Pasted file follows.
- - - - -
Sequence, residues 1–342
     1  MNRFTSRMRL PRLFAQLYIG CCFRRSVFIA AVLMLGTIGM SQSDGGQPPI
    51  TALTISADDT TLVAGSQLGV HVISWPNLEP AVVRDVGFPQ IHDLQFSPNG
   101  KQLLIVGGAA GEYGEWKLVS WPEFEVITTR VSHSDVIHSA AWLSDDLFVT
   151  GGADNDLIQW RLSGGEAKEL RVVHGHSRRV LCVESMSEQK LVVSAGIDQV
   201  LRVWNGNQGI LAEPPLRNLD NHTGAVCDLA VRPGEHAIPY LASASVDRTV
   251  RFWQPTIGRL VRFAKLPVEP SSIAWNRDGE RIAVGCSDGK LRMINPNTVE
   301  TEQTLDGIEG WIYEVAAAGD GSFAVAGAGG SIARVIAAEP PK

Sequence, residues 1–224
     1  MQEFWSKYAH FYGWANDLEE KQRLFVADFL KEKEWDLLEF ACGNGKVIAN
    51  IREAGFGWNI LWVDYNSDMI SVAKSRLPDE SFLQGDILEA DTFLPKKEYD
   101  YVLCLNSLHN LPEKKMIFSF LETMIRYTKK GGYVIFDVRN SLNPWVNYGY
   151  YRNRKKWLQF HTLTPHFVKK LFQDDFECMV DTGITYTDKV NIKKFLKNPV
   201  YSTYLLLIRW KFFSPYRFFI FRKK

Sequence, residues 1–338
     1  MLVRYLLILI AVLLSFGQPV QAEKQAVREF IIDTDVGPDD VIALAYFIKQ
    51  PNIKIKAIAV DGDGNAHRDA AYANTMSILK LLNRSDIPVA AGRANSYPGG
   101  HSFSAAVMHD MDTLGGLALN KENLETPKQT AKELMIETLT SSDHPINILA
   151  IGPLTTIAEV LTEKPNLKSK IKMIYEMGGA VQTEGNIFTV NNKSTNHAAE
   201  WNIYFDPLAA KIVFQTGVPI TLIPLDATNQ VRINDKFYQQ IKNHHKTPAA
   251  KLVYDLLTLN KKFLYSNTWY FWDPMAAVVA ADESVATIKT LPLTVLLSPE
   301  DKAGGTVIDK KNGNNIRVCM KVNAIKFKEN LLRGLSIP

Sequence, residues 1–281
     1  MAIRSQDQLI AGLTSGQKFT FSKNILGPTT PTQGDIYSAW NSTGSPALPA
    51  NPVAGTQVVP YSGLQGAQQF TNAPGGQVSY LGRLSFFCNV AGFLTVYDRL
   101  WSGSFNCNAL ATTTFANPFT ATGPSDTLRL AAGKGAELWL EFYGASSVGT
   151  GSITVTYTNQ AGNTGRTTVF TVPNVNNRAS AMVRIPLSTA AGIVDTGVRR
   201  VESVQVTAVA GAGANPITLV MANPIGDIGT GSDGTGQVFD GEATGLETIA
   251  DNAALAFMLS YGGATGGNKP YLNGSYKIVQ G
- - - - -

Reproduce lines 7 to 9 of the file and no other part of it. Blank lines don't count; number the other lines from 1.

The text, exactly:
   251  RFWQPTIGRL VRFAKLPVEP SSIAWNRDGE RIAVGCSDGK LRMINPNTVE
   301  TEQTLDGIEG WIYEVAAAGD GSFAVAGAGG SIARVIAAEP PK

Sequence, residues 1–224